The drama continues in the U.S.-China trade war. Today, the presidents of both countries mentioned the conflict in public statements — Xi Jinping in a speech at the opening of a multilateral forum, and Donald Trump, of course, on Twitter. Meanwhile, more and more companies are being dragged into the trade fight and voicing their concerns.
“A trade war should be rejected because there will be no winner,” Xi Jinping said at the opening of the BRICS summit of emerging economies in Johannesburg, South Africa, AFP reports.“They are being vicious in what will be their failed attempt. We were being nice - until now!,” Donald Trump tweeted this morning, voicing particular umbrage at China’s targeted tariffs of American farm products.Yesterday, Trump attempted to reassure American farmers with a brazenly optimistic assertion: “Tariffs are the greatest! … Remember, we are the ‘piggy bank’ that’s being robbed. All will be Great!” Soon after that statement, the White House announced $12 billion in economic aidto farmers hit by the trade war.But American farmers aren’t feeling reassured. Both CNN and the Associated Press had soybean farmers describe the economic aid as a “Band-Aid” for a much broader problem, and the AP added, “Farmers said they would rather have Trump settle the trade disputes with China, Mexico, Canada and the European Union and get free trade flowing again.”There are no reported negotiations happening between American and Chinese officials, the SCMP says, despite Trump’s tweet (yes, another one) saying “Negotiations are going really well” — though he might have been referring instead to negotiations with the EU, which the Wall Street Journal reports (paywall) yielded an agreement today.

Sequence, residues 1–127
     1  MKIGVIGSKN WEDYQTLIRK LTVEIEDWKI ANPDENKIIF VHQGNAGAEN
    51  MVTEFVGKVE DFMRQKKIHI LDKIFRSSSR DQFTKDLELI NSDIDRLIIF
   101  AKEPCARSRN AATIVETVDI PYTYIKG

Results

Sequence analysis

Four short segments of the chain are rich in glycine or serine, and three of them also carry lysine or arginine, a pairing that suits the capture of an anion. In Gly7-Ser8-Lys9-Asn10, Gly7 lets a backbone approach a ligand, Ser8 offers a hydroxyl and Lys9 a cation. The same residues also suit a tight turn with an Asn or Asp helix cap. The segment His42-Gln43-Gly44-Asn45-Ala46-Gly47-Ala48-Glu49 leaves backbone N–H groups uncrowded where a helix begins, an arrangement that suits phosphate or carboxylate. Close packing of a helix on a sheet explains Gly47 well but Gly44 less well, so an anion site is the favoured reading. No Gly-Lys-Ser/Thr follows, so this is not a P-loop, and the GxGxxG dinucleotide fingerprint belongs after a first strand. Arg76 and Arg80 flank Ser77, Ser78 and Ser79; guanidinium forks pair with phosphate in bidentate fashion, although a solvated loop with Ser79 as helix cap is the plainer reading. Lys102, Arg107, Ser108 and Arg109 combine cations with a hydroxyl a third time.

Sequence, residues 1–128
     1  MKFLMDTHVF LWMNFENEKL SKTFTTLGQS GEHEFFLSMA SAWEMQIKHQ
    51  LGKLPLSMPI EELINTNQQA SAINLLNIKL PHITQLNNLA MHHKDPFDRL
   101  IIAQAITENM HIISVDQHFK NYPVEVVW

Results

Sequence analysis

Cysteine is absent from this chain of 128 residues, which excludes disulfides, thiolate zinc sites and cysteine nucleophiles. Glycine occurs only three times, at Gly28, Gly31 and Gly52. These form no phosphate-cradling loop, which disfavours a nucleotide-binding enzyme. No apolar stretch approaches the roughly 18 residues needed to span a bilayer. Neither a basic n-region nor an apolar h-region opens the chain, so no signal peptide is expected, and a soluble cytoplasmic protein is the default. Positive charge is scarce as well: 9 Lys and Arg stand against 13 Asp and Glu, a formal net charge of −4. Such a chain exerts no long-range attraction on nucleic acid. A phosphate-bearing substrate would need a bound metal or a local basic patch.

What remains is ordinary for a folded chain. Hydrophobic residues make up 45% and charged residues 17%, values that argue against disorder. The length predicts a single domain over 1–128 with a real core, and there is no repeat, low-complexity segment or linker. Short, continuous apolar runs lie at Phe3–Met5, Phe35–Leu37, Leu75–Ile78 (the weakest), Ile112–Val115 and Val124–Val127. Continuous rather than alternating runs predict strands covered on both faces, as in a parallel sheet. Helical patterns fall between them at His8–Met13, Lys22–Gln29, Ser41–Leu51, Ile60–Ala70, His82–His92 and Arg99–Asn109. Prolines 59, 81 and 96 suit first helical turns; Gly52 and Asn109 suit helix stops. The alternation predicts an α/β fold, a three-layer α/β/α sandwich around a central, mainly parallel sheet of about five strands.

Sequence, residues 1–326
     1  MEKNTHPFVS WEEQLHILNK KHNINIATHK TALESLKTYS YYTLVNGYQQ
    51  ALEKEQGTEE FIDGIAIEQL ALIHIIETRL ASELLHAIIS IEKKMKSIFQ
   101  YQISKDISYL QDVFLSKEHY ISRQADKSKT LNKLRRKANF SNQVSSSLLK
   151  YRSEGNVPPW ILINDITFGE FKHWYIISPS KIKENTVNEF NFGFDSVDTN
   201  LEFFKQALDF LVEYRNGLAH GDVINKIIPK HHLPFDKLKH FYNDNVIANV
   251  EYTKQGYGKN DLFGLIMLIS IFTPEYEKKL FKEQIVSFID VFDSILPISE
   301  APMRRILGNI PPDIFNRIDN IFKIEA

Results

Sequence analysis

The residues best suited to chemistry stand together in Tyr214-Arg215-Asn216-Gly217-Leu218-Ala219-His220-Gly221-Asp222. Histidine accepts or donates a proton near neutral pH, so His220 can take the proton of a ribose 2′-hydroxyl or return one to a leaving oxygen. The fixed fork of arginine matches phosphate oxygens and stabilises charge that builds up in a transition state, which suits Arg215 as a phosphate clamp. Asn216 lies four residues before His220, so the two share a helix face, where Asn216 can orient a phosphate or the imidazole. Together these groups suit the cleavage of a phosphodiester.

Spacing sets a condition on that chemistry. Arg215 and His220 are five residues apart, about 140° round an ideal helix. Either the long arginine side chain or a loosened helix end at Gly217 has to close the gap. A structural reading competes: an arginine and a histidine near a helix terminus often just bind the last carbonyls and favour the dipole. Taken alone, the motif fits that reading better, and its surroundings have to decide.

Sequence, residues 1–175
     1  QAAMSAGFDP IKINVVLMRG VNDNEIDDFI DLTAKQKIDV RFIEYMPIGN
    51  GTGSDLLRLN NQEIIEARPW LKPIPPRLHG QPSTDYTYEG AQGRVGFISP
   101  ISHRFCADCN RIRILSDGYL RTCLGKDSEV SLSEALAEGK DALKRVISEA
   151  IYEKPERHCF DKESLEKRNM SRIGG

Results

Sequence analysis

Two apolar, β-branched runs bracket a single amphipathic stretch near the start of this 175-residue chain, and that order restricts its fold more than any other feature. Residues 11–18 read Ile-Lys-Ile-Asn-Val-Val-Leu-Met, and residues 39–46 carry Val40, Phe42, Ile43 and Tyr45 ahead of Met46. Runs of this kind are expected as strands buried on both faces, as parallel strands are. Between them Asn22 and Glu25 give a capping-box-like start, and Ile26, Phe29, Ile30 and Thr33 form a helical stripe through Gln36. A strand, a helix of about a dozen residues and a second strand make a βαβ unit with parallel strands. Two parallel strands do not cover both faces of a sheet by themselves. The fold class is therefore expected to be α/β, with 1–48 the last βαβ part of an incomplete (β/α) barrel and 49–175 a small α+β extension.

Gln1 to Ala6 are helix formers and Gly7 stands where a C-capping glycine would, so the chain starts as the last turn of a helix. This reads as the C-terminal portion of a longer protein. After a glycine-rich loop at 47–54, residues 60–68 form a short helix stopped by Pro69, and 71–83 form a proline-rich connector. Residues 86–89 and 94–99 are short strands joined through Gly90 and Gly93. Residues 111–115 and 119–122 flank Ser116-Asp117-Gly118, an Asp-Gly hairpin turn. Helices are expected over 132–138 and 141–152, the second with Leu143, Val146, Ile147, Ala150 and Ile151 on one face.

Qualcomm’s bid to buy NKP deal may become the largest trade war casualty yet:
The “San Diego-based chipmaker will have to abandon its $44 billion acquisition of the Netherlands' NXP Semiconductors if it fails to gain approval from regulators in Beijing,” CNN reports.For over 20 months, since October 2016, the government in Beijing has held up approval, and analysts don’t agree on whether it is likely to be approved.“NXP has given Qualcomm until 11:59 p.m. to get it done. Absent any word from China, Qualcomm doesn’t plan to seek an extension,” Bloomberg reports(paywall).“NXP is owed a $2 billion termination fee if Qualcomm walks away from the deal,” Bloomberg adds.
Other trade war news:
Many Chinese companies ‘will go bankrupt’, if US delivers on tariff threats, court newspaper warns / SCMP
“In an opinion piece published on Wednesday by People’s Court Daily, Du Wanhua, deputy director of an advisory committee to the Supreme People’s Court, said that courts needed to be aware of the potential harm the tariff row could cause.”A message from a C.E.O.: Tariffs are going to hurt American workers / NYT (paywall)
“Let’s be clear: a tariff is a tax, plain and simple… Our supply chain, which has been developed and optimized over decades, cannot be reorganized in short order,” writes the CEO of machine manufacturer Cummins.Chinese deals lose luster for officials across the US / WSJ (paywall)
“Critics have singled out Chinese deals as national-security risks on the grounds the companies may be directed and subsidized by the government of China, an economic and military rival.”China targets economy, not Trump, with weaker yuan / WSJ (paywall)
“Government advisers and economists say the nation’s leaders will refrain from actively devaluing the currency to hit back at the Trump administration. ‘China has no intention to turn the trade war into a currency war,’ said an official involved in policy making.”China's $9 billion plan to boost 5G undermined by trade war / Bloomberg (paywall)
“A company that’s a key part of China’s ambitions to be a leader in cutting-edge wireless technology is preparing to go public to fund its expansion, but President Donald Trump’s trade war threatens to put a damper on what could be the world’s biggest initial public offering in almost four years.”Factbox: Impact of U.S.-China trade tariffs on U.S. companies / Reuters
Reuters produces a “list of recent comments made by U.S. companies on the tensions.”